I was shown Isa. 3:12: “As for my people, children are their oppressors and women rule over them.” I saw that this text applies to these last days of peril. Children are not generally controlled. They are suffered to come up with their wills unsubdued. They are indulged in pride and at last the parents must yield to them. Children receive the sympathy of their mothers, and the mothers affect the fathers. Satan comes more readily to the women and children and works through them to influence the fathers, and then unitedly, without an opposing influence, they imperceptibly slide downward, and yet have a name to live; but they are dead. No name, I saw, of such stands registered in the book of life. Their professions are the same, yet God never counts by the profession. The acts, the works, the fruits testify to whom they belong. They are servants of the world, slaves to fashion, and the opinions of unbelievers have much weight with them. Those who have moral courage and the living principle within them will decide to be peculiar, to take their position and stand firmly. 1LtMs, Lt 16, 1861, par. 25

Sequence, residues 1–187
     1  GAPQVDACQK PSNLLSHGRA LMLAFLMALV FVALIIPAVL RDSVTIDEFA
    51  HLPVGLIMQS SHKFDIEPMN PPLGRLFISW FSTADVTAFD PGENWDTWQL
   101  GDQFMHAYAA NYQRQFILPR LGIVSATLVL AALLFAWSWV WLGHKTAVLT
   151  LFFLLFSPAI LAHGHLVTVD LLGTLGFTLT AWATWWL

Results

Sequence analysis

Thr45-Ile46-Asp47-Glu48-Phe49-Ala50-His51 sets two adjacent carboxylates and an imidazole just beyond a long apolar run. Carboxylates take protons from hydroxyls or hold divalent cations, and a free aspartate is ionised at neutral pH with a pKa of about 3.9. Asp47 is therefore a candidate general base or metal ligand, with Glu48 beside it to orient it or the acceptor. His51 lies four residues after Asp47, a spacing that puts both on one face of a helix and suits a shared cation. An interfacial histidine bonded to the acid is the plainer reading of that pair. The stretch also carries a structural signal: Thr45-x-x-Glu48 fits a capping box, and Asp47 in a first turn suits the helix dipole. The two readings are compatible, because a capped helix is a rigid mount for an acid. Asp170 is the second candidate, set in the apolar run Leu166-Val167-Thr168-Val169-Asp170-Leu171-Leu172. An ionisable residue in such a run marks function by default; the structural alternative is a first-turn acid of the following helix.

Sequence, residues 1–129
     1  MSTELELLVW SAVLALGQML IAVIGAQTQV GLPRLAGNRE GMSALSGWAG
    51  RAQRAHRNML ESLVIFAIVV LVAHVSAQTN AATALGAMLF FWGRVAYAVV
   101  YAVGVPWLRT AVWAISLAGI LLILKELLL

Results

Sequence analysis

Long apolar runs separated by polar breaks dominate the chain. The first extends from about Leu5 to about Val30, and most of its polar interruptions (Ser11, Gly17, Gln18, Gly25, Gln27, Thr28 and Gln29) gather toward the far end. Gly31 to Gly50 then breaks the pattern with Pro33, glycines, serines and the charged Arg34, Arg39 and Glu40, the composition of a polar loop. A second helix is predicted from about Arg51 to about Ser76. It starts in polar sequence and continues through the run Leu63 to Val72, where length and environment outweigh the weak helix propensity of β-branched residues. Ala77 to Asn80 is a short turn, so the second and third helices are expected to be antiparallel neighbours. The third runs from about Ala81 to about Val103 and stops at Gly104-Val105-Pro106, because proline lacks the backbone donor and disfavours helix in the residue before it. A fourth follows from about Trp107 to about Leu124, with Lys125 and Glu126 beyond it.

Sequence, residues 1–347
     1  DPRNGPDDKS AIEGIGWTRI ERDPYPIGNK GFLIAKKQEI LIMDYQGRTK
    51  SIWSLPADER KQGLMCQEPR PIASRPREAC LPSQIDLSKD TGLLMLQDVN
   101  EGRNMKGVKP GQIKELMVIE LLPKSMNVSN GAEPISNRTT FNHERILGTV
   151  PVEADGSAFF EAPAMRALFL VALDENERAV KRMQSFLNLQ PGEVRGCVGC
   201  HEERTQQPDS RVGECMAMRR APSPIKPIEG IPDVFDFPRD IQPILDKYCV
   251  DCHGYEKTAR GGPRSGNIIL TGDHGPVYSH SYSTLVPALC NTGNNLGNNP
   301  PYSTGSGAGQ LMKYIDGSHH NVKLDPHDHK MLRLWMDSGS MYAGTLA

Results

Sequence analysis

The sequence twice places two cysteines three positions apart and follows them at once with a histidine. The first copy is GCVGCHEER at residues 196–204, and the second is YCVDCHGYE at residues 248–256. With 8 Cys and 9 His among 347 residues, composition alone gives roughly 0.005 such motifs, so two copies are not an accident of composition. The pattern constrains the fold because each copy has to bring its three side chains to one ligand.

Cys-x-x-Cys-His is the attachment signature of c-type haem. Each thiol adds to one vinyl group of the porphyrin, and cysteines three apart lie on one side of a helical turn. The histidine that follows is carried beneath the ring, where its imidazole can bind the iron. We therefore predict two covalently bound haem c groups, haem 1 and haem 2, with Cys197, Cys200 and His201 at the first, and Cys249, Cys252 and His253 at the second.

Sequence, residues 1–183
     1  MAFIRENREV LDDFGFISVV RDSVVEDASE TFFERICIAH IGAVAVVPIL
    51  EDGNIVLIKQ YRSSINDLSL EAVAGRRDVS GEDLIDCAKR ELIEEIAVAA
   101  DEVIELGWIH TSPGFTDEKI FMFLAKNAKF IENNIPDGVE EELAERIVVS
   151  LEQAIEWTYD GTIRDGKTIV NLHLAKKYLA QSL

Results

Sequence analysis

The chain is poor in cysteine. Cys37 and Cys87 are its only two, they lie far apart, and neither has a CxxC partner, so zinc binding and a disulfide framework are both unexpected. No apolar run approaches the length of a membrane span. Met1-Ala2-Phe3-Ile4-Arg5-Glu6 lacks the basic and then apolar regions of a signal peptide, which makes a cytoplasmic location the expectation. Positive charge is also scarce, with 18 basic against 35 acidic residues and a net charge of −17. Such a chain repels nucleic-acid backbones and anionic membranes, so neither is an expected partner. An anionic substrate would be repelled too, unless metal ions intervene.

I was shown that perplexity and fear have seized all hearts. God is punishing this nation for their sins. The sin of slavery has long existed. It has been a curse to this nation. The cries and groans and agony of God’s creatures, held in bondage, placed upon a level with brute creatures by their fellow men, have risen to heaven. The fugitive slave law that went forth was calculated to crush out of man every noble, generous feeling of sympathy that should arise in his heart for the oppressed and suffering slave. It was in direct opposition to the teachings of Christ. God’s scourge is now upon the North, that they have so long submitted to suffer slavery to exist and their fellow man be held in hopeless slavery, tyrannized over and tortured just as passionate man chooses to act out the demon. If they murder their fellow man, no matter; he is considered no more than a brute by them. I saw that the inhabitants of earth have nearly filled their cup of iniquity. 1LtMs, Lt 16, 1861, par. 26

*****

Brother Woodruff, please return this to me at Battle Creek. If anyone wishes to retain a copy, he can copy it, but I wish the original. 1LtMs, Lt 16, 1861, par. 27

(Signed) E. G. White

(Recopied February 4, 2014, to include the last five paragraphs which had been separated from the original and formerly filed as Ms 6, 1867.)